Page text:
6 Comments:

At 5:22 AM, Blogger Stuart said...

Ow I feel your pain! When I was in art school a few years ago, we had to do a portrait of the person next to us. Anyway I drew my friend in pastels and I thought it was great. He came across and gave me a funny look, and I couldn't understand why he wasn't raving about my masterpiece. He asked if he was an alien or something, and that I'd painted him green.

Thanks for starting this blog, I'll be following it closely!

 
At 9:30 AM, Blogger Purple Skies said...

Thanks for your comment! I'm curious about the problems you still make (or how you avoid them) if you feel like posting about that--this blog should be conversation rather than a monologue.

 
At 8:54 PM, Anonymous Anonymous said...

Color theory, color theory, color theory - that's the key to surviving as a colorblind artist. That, and keeping your colored media organized and well-labeled. I take a lot of ribbing for keeping my pastels in spectrum order and returning them to the box as I work, but if I want it to come out looking reasonably good, then it's a necessity. In digital media it doesn't matter, of course, since you can dial in the desired color numerically.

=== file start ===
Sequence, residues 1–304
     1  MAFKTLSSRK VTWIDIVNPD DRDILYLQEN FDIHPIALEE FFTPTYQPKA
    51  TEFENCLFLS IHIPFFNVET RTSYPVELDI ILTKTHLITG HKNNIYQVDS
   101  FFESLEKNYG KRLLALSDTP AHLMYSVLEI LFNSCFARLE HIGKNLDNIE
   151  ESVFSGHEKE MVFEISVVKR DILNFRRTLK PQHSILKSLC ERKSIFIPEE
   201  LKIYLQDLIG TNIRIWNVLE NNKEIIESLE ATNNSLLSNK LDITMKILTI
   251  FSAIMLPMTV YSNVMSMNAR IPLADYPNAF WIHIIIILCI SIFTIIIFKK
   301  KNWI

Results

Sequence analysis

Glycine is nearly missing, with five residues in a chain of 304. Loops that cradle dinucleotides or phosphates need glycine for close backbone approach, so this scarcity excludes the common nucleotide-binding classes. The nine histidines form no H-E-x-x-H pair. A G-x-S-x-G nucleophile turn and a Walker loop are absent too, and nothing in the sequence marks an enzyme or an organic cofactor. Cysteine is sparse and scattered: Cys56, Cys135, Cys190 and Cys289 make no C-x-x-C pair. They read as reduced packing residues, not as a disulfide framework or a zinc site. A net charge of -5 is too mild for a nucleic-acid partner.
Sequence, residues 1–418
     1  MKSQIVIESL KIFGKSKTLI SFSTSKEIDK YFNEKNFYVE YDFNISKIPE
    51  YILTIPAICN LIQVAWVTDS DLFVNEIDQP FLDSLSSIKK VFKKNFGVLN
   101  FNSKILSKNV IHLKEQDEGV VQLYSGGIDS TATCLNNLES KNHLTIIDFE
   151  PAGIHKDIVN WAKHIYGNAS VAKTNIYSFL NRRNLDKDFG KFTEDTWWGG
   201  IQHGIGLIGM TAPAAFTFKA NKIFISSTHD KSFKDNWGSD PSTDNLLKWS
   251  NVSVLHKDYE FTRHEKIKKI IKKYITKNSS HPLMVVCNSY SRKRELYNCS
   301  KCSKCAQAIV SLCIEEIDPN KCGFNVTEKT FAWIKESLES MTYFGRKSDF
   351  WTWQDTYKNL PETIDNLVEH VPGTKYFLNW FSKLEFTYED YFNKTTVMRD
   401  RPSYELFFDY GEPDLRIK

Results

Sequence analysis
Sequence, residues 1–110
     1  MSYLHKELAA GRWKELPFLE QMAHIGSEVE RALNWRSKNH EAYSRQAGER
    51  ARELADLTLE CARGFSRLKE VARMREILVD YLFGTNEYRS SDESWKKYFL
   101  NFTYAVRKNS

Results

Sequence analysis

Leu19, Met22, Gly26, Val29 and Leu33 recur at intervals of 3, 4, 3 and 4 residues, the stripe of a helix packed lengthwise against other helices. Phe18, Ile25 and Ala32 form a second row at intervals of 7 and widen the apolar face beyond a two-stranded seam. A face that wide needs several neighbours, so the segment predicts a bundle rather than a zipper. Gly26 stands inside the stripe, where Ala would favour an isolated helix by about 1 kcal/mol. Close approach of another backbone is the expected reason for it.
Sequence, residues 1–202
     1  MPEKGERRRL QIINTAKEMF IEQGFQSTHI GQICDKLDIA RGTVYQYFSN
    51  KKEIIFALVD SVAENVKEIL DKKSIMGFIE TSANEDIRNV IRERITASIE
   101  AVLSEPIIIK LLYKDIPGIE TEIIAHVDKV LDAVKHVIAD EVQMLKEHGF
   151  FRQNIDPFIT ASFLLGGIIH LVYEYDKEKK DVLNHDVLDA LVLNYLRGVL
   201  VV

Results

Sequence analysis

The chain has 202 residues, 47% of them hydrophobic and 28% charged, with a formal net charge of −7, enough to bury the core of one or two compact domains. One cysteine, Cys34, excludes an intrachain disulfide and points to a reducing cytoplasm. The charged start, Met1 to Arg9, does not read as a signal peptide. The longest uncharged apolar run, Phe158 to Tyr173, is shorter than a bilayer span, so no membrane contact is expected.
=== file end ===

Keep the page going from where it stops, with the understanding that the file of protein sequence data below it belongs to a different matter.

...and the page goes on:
At 12:14 PM, Anonymous Anonymous said...

I feel your pain. I am a colorblind designer. I don't know if you are going to become a fine artist or to become a commercial artist, but if you are planning to become a designer, I would suggest you to close down this blog, or at least taking off any content that could reveal your true identity.